“The difference this year was our commitment to playing more players. We felt that we had a lot of depth. We knew we were playing 10 straight weeks without a bye and had to keep our guys fresh throughout the season,” said Milne. “Nick Sirico was a rotational player because we have two senior corners [Nate Corvil and Michael Blank] who are really good. Nick was stuck behind those guys and we just had to play him. In order to keep Nate and Mike healthy through 10 weeks, we had to play those guys.”
The Muhlenberg defense has forced seven turnovers in two playoff games, allowing just 19 points. They held Randolph-Macon’s vaunted rushing attack to just 21 yards, about ten percent of its per game average coming in. The intensity starts in practices. The depth of the defense also means that starting spots never feel secure. They must be earned each day.
“Any time you can hold a team that averages 250 yards per game and you can hold them to 21, that’s a huge confidence boost, no matter who you’re playing. It’s a testament to how hard we work and how willing we are to get after it,” said Sirico. “Some of my best friends play on our offense, but when we step out in practice, it’s pure competition. I can’t remember a day where there hasn’t been extreme competition. Your spot is never saved. You’ve got to ball out every single day. We’ve got so many guys who can play.”
For Johns Hopkins, the key to success has been an unstoppable offense. The Mules remain the only opponent to hold the Blue Jays under 35 points this season. Johns Hopkins now boasts to top total offense in the nation, averaging 568 yards per game. Quarterback David Tammaro holds the keys, and he drives the unit with precision. He has completed 38 of 51 pass attempts for 568 yards and six touchdowns without throwing an interception in the playoffs. In each game, six different Blue Jays have multiple receptions.
“David has full command of the offense right now. He and [offensive coordinator] Greg [Chimera] are on the same page. They meet constantly. A lot of times he’ll see it before we see it and look over to the sideline and nod,” said Margraff. “He’s a very selfless player. He just wants to win. Sometimes we need to put it on his back, other times he knows he’s got to mix it up. He’s got no ego when it comes to his numbers. He’s been a terrific leader in that way.”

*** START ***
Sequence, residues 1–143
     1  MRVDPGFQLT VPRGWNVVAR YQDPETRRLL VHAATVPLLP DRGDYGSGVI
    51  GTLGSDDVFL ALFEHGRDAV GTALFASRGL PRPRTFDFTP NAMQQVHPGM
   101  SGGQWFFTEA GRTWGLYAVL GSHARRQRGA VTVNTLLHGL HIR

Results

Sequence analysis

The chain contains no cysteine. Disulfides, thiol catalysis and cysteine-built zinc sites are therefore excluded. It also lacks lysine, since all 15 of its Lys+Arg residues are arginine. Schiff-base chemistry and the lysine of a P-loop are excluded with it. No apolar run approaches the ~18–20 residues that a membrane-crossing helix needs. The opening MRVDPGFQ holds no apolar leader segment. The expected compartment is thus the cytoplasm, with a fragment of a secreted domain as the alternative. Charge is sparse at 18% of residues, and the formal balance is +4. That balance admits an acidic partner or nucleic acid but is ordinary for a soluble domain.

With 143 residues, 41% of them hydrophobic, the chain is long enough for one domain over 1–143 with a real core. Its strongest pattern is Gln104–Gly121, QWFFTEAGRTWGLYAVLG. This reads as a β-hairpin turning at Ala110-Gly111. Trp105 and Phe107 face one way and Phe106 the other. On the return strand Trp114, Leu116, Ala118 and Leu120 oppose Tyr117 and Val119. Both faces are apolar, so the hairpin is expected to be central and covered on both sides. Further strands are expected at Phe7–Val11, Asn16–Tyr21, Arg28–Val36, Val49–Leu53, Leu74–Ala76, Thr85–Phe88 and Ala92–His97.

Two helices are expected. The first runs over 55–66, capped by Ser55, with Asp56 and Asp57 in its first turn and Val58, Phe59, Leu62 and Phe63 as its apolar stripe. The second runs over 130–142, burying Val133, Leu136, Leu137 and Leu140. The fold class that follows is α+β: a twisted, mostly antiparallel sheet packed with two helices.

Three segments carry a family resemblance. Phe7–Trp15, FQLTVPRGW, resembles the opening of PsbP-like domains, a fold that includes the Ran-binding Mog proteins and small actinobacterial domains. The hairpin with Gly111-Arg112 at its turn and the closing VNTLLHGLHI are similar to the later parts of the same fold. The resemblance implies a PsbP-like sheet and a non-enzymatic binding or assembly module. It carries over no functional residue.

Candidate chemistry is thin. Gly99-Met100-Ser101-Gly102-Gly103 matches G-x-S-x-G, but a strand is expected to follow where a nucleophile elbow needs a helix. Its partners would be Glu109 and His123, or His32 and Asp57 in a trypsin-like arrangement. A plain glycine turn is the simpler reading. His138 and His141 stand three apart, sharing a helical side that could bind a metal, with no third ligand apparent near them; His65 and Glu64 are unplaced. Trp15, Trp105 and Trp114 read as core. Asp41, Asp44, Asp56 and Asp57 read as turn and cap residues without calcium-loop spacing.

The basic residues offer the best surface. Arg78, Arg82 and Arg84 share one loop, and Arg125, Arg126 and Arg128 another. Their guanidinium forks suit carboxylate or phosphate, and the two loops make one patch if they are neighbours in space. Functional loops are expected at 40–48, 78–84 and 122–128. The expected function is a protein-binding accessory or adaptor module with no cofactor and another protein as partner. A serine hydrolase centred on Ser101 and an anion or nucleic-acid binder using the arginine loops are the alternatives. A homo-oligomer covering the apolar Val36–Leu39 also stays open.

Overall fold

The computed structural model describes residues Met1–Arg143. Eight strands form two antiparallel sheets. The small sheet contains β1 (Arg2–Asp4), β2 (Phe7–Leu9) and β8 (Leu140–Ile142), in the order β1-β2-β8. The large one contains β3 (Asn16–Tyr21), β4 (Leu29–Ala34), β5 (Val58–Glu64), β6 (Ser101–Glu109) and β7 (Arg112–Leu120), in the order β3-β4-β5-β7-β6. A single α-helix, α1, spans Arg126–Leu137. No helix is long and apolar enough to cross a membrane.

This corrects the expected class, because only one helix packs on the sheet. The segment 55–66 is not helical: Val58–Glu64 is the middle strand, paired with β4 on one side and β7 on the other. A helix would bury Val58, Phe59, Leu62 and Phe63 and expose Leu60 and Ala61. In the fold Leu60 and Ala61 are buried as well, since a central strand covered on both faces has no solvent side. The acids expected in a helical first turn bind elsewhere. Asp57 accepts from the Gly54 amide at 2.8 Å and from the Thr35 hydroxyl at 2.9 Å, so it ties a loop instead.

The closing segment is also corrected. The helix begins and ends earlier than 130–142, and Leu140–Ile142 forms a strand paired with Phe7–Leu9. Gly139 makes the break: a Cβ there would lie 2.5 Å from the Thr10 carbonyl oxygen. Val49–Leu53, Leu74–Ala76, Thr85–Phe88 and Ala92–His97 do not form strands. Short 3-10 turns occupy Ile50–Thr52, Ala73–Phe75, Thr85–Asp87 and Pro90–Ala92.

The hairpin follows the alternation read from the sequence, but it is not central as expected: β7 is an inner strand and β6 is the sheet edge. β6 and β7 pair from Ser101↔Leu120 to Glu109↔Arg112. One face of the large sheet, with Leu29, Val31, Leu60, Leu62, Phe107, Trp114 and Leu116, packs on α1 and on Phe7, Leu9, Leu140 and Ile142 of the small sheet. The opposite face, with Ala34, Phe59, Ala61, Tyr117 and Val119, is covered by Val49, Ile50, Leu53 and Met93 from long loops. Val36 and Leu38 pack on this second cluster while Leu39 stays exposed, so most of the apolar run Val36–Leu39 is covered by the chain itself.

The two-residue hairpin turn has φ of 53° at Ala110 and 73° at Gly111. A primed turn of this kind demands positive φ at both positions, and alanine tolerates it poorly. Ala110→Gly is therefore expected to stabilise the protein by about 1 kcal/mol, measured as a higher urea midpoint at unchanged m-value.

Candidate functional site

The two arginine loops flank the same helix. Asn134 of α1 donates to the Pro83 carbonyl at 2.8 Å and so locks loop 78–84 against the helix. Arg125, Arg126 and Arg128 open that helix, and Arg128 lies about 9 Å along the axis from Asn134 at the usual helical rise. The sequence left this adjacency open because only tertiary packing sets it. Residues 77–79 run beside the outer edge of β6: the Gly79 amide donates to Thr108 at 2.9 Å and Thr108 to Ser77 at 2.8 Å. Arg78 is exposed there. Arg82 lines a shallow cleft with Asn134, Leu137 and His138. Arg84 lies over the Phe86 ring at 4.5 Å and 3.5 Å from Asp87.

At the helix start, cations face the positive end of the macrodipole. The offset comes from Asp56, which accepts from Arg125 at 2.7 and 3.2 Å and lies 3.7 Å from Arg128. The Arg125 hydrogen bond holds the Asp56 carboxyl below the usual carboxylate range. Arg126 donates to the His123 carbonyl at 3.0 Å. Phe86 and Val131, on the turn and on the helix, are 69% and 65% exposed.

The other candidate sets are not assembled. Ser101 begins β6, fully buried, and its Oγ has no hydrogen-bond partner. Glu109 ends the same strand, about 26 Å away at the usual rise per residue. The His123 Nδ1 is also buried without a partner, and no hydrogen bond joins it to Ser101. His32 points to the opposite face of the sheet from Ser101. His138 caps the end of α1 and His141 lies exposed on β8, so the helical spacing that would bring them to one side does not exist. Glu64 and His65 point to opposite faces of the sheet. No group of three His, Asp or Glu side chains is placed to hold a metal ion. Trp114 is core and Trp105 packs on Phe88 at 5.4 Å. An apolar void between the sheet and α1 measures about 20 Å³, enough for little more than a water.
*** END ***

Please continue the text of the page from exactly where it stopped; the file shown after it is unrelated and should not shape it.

In the postseason, the efficient passing has led to wide open rushing lanes. Messinger has been the main beneficiary, racking up a staggering 13.86 yards per carry in 22 rushes. He has found the end zone five times.
“I think it really starts with practicing at a high level. We’ve really been practicing at a really high level and setting a new standard each and every week. I have fantastic players around me,” said Messinger. “Dave has been fantastic at spreading out the field. I cannot say more about the O-line. They’ve played fantastic.”
The line has had unexpected depth this season, in part due to injuries. Center Jarrett Smith anchors the offense. Around him, the Blue Jays have played six or seven other linemen throughout the course of each game. It’s unorthodox, but it’s been effective.
“I think it’s the chemistry of the players and everybody coming together. We just want the win,” said Messinger. “That’s what the coaches preach, that’s what all of us preach. No matter who gets the numbers and who gets the stats, we just want the win column to keep racking up each and every week.”
The Mules are in the quarterfinals for the first time ever. The Blue Jays are there for the second time. Johns Hopkins gets another game at Homewood Field, where the seniors have only lost twice, both times in the postseason. The Mules have to go on the road to Mount Union, a challenge that they are embracing.
This is already the best season in Centennial Conference football history. A breakthrough to the semifinals would be another benchmark win. A rivalry rematch would be historic for a number of reasons.
“Our goal wasn’t just to get in the tournament; our goal was to make a run in the tournament,” said Sirico. “We couldn’t be more grateful. We’ve been working all year for this.”